17 January 2009

Dennis Prager: If There Is No God, Part 4

(Note: This is Part 4 in the series started here.  The previous installment is here. In each post, I comment on one of the fourteen points made by Dennis Prager in his article, “If There Is No God.”)

Dennis Prager’s Point #4:

Human beings need instruction manuals. This is as true for acting morally and wisely as it is for properly flying an airplane. One's heart is often no better a guide to what is right and wrong than it is to the right and wrong way to fly an airplane. The post-religious secular world claims to need no manual; the heart and reason are sufficient guides to leading a good life and to making a good world. (Note 1.)

Is Mr. Prager’s assertion correct?  Do human beings really need instruction manuals?  Or put more precisely: does every man need a guide to his actions, a set of principles by which he may determine what is good or bad, right or wrong?


For other living things, the processes required for survival are automatic functions, requiring no guide whatsoever because there are no options.  The amoeba digests its food automatically.  When a sunflower bends toward the sun, it does so not by choice but by a chemical process.  The thrush finds its remote winter home and the salmon wends its way upstream entirely by instinct.  Even the higher animals that can learn to fly, swim, hunt, or fetch, and occasionally demonstrate remarkably complex behavior, cannot be said to be choosing, at least not in a human way.  (Note 2.)  

All living things - from single-celled organisms to mammals - have values, of course, their lives being the most basic of these.  But in plants and animals, particular values cannot be chosen, nor can the actions that lead to those values.  An animal does not so much pursue his interests as follow them.  Thus, for all but one known species, morality simply does not apply.  The hyena that steals food from its brother deserves no censure; the lion that kills could not have done otherwise.

Not so for a man.  Though he has some basic hardware that functions automatically - his organs, senses, basic body functions, and even some parts of his consciousness - a human being is entirely dependent upon the free operation of his mind.  Sans mind, Homo sapiens is poorly equipped to even survive, never mind flourish.

As a conceptual being with free will, a man must have a guide, a set of principles to direct his actions.  Both of these characteristics of a man - his concept-forming capability and his freedom to operate it - contribute to the necessity of morality.  

Concept formation permits a man to organize and integrate direct perceptual facts (which can be obtained automatically) into abstractions that are not immediately perceivable.  These first-level concepts may be integrated into higher and higher level concepts.  When done properly, it yields a condensation and grasp of reality that is far beyond anything that can be obtained automatically by direct perception.  Without it, we would never have conceived the wheel or plow, never mind the sonnet, symphony, and skyscraper. 

But concept formation is not an automatic function.  (If you don’t believe it, ask any child laboring over her geometry homework.)  Almost every waking moment of his life, a man chooses how to operate his mind, including whether or not he will actively think at all.  This requires effort, an expenditure of energy.  And importantly, concept formation can yield errors. 

This is where morality comes in.  As with any living organism, a man’s most fundamental value is his life, but in the pursuit of values man is different from other creatures.  The particular values that contribute to his life qua man must be chosen, as must the means of arriving at those values.  And for this a man depends upon a faculty that is not automatic and is inherently fallible: reason.  To live, a man must operate his mind properly.  Morality consists of the set of principles a man develops and holds so that he may achieve his values throughout his life.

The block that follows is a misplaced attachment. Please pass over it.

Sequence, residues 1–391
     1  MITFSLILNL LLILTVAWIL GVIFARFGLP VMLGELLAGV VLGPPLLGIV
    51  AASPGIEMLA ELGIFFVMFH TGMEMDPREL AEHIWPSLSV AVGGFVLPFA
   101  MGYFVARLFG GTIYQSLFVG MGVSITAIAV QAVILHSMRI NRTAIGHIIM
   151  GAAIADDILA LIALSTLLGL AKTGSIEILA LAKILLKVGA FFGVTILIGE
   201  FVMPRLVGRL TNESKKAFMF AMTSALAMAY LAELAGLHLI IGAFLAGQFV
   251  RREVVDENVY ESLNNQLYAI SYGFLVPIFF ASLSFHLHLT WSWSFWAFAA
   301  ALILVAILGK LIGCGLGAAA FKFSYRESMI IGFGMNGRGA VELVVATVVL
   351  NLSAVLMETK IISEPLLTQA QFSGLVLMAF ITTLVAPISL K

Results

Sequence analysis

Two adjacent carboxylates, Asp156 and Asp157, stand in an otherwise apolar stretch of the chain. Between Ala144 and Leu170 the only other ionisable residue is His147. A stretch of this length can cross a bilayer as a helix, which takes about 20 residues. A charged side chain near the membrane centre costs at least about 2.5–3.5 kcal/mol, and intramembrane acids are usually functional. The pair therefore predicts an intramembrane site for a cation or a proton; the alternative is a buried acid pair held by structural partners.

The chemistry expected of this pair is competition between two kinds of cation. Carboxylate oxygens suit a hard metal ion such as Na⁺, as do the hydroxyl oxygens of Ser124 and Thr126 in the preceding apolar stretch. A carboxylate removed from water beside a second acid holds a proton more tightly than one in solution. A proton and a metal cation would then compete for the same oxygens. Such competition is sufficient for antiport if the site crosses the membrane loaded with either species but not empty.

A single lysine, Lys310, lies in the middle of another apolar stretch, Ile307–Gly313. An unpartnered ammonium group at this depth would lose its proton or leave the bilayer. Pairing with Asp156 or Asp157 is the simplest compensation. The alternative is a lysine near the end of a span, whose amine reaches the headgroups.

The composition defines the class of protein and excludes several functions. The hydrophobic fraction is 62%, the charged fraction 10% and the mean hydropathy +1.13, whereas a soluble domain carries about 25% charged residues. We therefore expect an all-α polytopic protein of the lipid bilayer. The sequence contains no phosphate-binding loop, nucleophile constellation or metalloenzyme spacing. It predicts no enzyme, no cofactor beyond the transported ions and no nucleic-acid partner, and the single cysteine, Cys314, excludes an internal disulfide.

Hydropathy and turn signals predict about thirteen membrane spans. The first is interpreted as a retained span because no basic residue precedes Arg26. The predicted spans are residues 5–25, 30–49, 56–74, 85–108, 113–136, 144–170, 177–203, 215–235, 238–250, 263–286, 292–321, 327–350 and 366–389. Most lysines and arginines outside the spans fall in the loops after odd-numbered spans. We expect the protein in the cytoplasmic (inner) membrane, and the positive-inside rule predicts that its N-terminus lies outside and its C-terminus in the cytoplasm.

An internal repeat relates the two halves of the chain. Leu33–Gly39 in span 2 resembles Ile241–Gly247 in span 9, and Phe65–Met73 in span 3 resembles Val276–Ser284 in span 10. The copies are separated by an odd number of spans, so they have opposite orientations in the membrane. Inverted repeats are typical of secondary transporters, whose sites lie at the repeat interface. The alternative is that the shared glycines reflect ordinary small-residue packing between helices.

The fact that using one’s mind requires labor and is inherently fallible is no reason to throw up one’s hands in dismay at the futility of it all (as the subjectivists do) or to relinquish the responsibility of thinking to authorities (as the religionists do).  On the contrary, it is the very reason to make the effort to grasp the universe properly.(Note 3.)  So, even though Dennis Prager and I apparently agree on the necessity of morality, we have very different ideas about what morality consists of and why it is necessary.


There are three phrases in Mr. Prager’s paragraph that require attention.  In two of these instances, it is difficult to tell if his choice of words reflects a simple carelessness or if he is willfully misdirecting the reader.  The frequency of such seemingly innocuous terms in his writing sometimes strains my opinion of his intellectual honesty, but I’ll continue to give him the benefit of the doubt.  It is possible that these are not so much attempts to deceive as they are reflections of his own philosophy. 

The first is very subtle: his referring to one’s moral code as an “instruction manual.”  This metaphor is clever and appealing, but implicitly suggests that the “instructions” for moral behavior were written by someone else and must be heeded whether or not they are understood or even agreed with.  That is, after all, what instruction manuals are: detailed directions from experts, to be followed in order and without departure by the utterly dependent non-expert.  Of course, such a model is completely consonant with Prager’s view that moral behavior consists of unquestioning obedience to scriptural commands.  This is part and parcel of the Judeo-Christian worldview.  And indeed, if one goes looking for a literal “instruction manual” in nature - a complete moral code that is dug out of the ground or fished out of the sea, to be handed to men without the inconvenience of having to think - the search will be met with futility.  Such a "manual" does not exist.  This fact advances Prager's line of argument, for he has a divine "manual" readily at hand.  His metaphor cleverly calls to mind Old Testament stories; the very words that Prager chose smuggles in an image of stone tablets with the chiseled commandments of a supernatural authority.